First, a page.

5 votes

What is the meaning of a thermal equilibrium between matter and radiation?

There are many questions here. I will answer the one in the title. We imagine a system consisting of a chunk of matter surrounded with a bath of photons. The atoms forming the skin of the chunk of ...
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4 votes

Why Doesn't the Stefan-Bolzmann Law Deter Controlled Fusion Engineers From Seeking Extreme Temperatures To Maximize the $nτT$ Triple Product?

The Stefan-Bolzmann law only applies to opaque objects. The plasma in a tokamak is almost perfectly transparent. If the Stefan-Bolzmann law applied to the plasma in ITER, it would have the luminosity ...
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  • 5,508
3 votes
Accepted

Can plasmas be black bodies?

Plasma in many concrete cases often is not a black body, e.g. plasma in Earth's ionosphere, or in a discharge lamp, or in tokamak. This is because plasma in these cases is very thin (rarified gas), ...
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3 votes

What is the meaning of a thermal equilibrium between matter and radiation?

A "Stationary radiation field" means that the intensity and spectrum of the radiation is not changing with time. For the matter and radiation to also be in thermal equilibrium, requires that ...
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  • 113k
2 votes

Can plasmas be black bodies?

The argument is silly if the claim is that plasmas cannot appear anything like blackbodies, since there are observable examples like the Sun. To be a blackbody, a volume of plasma needs to come into ...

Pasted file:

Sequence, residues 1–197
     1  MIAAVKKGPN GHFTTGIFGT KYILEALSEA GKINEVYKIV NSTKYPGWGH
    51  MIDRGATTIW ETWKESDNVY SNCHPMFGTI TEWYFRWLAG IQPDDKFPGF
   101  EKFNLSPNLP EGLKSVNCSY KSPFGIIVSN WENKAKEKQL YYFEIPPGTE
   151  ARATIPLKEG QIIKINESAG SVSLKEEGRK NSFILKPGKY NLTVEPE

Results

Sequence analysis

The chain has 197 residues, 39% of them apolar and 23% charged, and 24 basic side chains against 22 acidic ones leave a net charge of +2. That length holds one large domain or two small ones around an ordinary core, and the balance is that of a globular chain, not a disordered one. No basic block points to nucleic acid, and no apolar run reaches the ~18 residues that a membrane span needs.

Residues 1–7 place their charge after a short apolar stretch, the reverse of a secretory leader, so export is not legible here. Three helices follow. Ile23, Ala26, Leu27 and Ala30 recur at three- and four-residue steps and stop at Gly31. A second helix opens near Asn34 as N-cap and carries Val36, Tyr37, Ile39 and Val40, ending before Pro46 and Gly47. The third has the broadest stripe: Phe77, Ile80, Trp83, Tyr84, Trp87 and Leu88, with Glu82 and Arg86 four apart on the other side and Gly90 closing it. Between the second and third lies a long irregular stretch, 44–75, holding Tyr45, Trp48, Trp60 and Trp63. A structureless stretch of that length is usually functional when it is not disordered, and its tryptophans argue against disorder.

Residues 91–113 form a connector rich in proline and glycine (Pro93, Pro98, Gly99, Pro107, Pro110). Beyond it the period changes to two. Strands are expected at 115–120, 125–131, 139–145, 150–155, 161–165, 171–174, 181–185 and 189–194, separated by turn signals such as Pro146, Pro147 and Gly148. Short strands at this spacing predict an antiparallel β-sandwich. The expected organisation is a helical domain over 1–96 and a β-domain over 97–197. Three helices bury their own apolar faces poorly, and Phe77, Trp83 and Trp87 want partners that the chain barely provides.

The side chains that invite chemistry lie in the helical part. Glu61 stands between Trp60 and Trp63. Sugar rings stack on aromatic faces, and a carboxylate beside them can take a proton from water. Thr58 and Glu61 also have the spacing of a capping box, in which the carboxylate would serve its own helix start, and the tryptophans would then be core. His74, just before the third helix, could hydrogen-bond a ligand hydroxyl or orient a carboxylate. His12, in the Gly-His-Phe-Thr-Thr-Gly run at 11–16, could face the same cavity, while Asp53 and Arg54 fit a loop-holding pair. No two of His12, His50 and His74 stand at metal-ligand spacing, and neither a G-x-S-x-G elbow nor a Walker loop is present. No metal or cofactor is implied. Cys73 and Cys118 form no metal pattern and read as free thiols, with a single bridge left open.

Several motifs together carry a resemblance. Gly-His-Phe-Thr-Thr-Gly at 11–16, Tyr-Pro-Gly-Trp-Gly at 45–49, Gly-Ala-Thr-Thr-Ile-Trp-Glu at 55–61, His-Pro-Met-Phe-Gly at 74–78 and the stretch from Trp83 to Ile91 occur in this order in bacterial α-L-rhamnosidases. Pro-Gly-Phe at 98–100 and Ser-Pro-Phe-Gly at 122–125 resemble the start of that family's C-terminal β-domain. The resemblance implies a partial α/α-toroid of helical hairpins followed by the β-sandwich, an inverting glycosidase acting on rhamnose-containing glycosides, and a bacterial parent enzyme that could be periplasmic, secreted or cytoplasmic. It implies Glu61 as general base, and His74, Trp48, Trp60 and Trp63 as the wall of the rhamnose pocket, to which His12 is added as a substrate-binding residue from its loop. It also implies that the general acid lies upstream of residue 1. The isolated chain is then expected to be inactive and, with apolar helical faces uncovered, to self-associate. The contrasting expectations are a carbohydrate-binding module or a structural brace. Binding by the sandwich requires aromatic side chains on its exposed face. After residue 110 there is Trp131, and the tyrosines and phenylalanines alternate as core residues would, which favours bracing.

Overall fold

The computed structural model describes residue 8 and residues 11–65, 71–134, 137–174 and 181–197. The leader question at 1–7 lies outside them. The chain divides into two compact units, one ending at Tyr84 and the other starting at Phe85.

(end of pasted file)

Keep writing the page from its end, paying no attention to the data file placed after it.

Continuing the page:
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  • 113k
2 votes

Why Doesn't the Stefan-Bolzmann Law Deter Controlled Fusion Engineers From Seeking Extreme Temperatures To Maximize the $nτT$ Triple Product?

The energy losses don't scale as $T^4$ - that would be appropriate for a blackbody, but the fusion plasma is optically thin, does not absorb incident radiation and therefore cannot be a blackbody. At ...
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1 vote

What would a piece of high emissivity polished metal inside a blackbody cavity look like? Darker than the walls of the cavity but the same color?

Though I've never seen Planck's law written with the emissivity (neither ϵ(λ) or just a constant ϵ) in front, it seems to me that it needs to be there Yes, multiply by emissivity. and the ...
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  • 669
1 vote

What is the definition of the Rayleigh-Jeans tail?

The Rayleigh-Jeans tail (of a blackbody distribution) is simply where you can assume $h\nu \ll k_BT$, where $\nu$ is the frequency. In this regime, you can simplify the Planck function, by allowing $\...
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  • 113k
1 vote

What is the definition of the Rayleigh-Jeans tail?

As far as I know, the two ends of the black-body radiation curve is historically described using the Rayleigh-Jeans law and the Wien law, as seen on Wikipedia for example The Rayleigh-Jeans law is ...
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  • 106
1 vote

Why Doesn't the Stefan-Bolzmann Law Deter Controlled Fusion Engineers From Seeking Extreme Temperatures To Maximize the $nτT$ Triple Product?

Yet we see many if not most of the major efforts to achieve controlled nuclear fusion as relatively uninterested in increasing density, inertial confinement being the exception I'm not sure you could ...
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1 vote
Accepted

Doubt regarding rate of loss of heat due to radiation

The absorptive power is dependant on $a$. However, from Kirchoff's Law we know that a good absorber is a good emitter i.e. $a=e$ which simplifies your equation into the one given. Also see Why do dark ...
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  • 188

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